/rant

Ranjith is disparaging of some practices in his industry, calling out examples and mocking the results. Akki is very much the guy who got there because of his passion for film making. He’ll sign with a producer but he won’t let them dictate what he does. The line between life and story fodder is also explored through Akki as he grows closer to Malavika and has to decide how and if he will use her story for his career.

Prithviraj is low key and generally likeable as Akki. He is hampered a bit by the narrative structure that uses his character as an agent of voiceover, and from being in the modern day part of the story which is for me the least interesting. He works with a small group of trusted friends, running a restaurant with them in between films. Akki is prone to the unilateral decision, and most of his friends are followers. I was sometimes annoyed despite his good intentions just because he was so self-righteous. Akki and his capable girlfriend Devayani (Samvrutha Sunil) have a no fuss relationship and make a nice couple. As Malu and Ajay’s romance is explored, they realise maybe they need to think about theirs.

The songs (by Sharreth) fit better in the flashback. Onnodu is a random and quite uncoordinated song between prologue and titles, perhaps just there for the Prithviraj fans.

There is so much that I liked, but the flaws are equally striking. Some of the discussions about film making felt out of synch, but I liked the extra layer about interpretation and storytelling. Ranjith handled the multiple timeline structure more deftly in Paleri Manikyam, but the 80s flashback section is a highlight. 3 ½ stars! (BIG deduction for the medical ethics)

Traffic (2011)

Traffic

When it first released in 2011, Rajesh Pillai’s Traffic was hailed as a new genre in Malayalam cinema and one of the first so-called ‘New Generation’ films. Bobby and Sanjay’s story doesn’t have a traditional heroic-centric plot, but instead uses a collection of everyday characters and a combination of a non-linear first half with a more traditional road movie in the second to come up with a novel action/drama. Despite the more Western style, this is still a very Indian film with references to wide-spread corruption, the power of celebrity and the chaotic nature of the Indian road system at the heart of the story. Interestingly, the film is based on real-life events in Chennai which are referenced in the film, proving that real life is often more dramatic than fiction.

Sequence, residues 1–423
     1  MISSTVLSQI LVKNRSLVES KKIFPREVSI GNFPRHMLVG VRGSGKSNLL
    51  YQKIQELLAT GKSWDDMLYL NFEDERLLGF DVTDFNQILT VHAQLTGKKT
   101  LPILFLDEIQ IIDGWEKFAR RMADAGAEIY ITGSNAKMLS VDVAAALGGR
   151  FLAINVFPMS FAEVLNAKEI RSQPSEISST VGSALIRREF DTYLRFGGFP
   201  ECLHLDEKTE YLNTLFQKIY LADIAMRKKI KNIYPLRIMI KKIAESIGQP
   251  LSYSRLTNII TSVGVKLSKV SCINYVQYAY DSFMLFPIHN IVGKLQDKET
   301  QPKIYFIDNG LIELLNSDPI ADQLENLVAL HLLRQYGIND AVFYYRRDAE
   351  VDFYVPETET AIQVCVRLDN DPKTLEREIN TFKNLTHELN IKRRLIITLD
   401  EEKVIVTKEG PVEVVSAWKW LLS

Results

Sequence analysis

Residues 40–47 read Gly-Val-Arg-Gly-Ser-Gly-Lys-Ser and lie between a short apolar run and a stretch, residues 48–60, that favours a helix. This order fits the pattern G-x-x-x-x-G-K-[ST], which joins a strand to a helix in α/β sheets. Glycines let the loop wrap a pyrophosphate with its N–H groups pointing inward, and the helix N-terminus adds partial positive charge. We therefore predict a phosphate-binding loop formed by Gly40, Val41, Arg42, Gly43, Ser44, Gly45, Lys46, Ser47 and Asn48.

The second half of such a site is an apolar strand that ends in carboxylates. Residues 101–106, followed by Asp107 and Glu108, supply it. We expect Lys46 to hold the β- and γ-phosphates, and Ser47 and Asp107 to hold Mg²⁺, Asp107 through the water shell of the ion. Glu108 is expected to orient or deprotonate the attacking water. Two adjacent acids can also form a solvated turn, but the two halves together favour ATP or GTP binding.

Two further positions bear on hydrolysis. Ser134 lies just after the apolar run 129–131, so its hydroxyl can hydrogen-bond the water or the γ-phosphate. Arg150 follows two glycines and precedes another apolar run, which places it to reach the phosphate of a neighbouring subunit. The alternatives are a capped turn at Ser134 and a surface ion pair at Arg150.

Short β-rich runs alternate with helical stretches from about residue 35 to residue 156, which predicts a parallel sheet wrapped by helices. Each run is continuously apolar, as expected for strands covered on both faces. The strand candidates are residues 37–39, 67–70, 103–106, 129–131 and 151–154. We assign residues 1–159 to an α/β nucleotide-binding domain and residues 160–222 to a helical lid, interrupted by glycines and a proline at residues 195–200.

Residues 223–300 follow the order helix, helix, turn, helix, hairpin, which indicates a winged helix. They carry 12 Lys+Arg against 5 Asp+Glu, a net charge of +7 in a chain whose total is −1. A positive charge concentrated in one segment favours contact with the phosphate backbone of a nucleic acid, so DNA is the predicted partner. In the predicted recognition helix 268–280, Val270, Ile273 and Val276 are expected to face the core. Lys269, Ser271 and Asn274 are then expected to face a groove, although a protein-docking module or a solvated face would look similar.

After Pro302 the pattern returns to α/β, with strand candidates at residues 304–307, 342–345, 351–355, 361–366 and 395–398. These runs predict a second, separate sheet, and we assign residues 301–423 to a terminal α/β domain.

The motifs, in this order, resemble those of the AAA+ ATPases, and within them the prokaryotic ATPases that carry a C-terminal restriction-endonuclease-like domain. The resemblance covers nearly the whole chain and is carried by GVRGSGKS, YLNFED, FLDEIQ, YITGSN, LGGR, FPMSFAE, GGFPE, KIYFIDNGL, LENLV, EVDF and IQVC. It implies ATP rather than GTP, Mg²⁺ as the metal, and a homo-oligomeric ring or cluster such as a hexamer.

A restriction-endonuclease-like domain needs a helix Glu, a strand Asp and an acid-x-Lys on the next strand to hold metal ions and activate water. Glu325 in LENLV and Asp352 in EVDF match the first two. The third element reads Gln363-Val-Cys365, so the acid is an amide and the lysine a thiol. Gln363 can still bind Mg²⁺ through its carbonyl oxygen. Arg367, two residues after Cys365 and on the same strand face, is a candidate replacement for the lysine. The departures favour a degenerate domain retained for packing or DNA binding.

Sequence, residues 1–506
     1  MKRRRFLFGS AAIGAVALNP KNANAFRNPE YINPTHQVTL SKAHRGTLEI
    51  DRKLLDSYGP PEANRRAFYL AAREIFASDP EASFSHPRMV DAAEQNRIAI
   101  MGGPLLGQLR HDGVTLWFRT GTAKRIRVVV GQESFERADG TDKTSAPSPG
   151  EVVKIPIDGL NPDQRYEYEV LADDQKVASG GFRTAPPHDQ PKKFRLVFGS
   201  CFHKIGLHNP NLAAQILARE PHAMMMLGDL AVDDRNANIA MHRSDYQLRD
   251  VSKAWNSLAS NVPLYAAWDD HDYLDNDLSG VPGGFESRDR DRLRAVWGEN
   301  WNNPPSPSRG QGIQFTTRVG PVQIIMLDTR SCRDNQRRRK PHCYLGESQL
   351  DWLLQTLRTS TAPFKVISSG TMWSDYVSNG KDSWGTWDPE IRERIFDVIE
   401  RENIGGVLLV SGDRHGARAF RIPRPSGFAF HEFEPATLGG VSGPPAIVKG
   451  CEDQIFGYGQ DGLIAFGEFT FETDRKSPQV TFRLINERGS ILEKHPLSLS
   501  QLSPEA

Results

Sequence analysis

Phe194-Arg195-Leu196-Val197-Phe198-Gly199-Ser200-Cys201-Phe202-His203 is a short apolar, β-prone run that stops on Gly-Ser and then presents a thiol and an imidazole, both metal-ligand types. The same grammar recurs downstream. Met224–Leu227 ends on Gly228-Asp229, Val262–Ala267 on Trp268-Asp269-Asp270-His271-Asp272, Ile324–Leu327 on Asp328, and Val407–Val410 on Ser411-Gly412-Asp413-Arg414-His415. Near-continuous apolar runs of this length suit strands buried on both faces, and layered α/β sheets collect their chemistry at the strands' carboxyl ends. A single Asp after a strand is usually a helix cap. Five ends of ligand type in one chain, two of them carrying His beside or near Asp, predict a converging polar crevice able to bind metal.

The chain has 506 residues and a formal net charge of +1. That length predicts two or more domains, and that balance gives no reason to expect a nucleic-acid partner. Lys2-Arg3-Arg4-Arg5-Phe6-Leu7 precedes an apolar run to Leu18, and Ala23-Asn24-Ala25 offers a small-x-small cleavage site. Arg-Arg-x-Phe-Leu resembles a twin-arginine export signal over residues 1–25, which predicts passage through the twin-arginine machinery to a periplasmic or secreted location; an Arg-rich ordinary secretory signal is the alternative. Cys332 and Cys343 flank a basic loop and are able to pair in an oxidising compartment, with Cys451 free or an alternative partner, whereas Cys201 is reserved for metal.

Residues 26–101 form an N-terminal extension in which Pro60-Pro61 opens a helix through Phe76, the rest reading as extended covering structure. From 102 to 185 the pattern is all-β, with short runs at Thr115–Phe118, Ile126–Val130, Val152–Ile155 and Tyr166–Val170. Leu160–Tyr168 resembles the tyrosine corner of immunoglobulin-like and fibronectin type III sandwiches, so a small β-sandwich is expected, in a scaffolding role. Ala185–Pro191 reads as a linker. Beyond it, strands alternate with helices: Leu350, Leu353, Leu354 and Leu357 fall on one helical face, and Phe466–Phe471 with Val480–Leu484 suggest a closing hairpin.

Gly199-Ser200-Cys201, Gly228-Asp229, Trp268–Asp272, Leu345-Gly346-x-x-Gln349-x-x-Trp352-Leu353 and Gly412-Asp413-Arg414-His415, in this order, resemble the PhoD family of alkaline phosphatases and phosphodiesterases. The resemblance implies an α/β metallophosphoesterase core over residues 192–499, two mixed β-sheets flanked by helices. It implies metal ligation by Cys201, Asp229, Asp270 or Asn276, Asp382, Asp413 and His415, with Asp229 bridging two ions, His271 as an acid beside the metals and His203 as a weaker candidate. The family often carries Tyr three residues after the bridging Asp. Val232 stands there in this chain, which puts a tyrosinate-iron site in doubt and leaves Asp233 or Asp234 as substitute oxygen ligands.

Traffic begins with a car crash, then goes back a few weeks to introduce the main characters and the events that lead to their presence at a particular crossroads at 8.50am on 16th September. First there is Siddharth Shankar (Rahman), a movie star who has little time for his family, wife Shruti (Lena) and daughter Priya (Namitha Pramod). Siddharth has people who do things for him and he expects his celebrity status to smooth his way through life which, for the most part, it does. At one point Siddharth is interviewed while his daughter and wife watch, rolling their eyes at his generic answers which suggest he is a devoted family man. But when Priya gives the interviewer questions to ask about herself, Siddharth obviously hasn’t a clue, stopping the shooting and asking Priya for the answer before repeating it on camera. It’s an excellent example of the disconnect between the actor and his family, and illustrates his complete unawareness of the chasm he has allowed to develop between them. It’s not so much arrogance as a simple belief that he is the most important person in any situation, so when later, Siddharth is attempting to throw his weight around and suddenly realises that here is a situation where all his star-power is useless, it’s a major shock to his ego. Particularly when combined with a few home-truths from his wife in a rousing dialogue where she finally points out his shortcomings and failures as a father. Shruti has some of the best dialogues in the film and Lena does an excellent job in portraying her emotional upheavals as the story unfolds.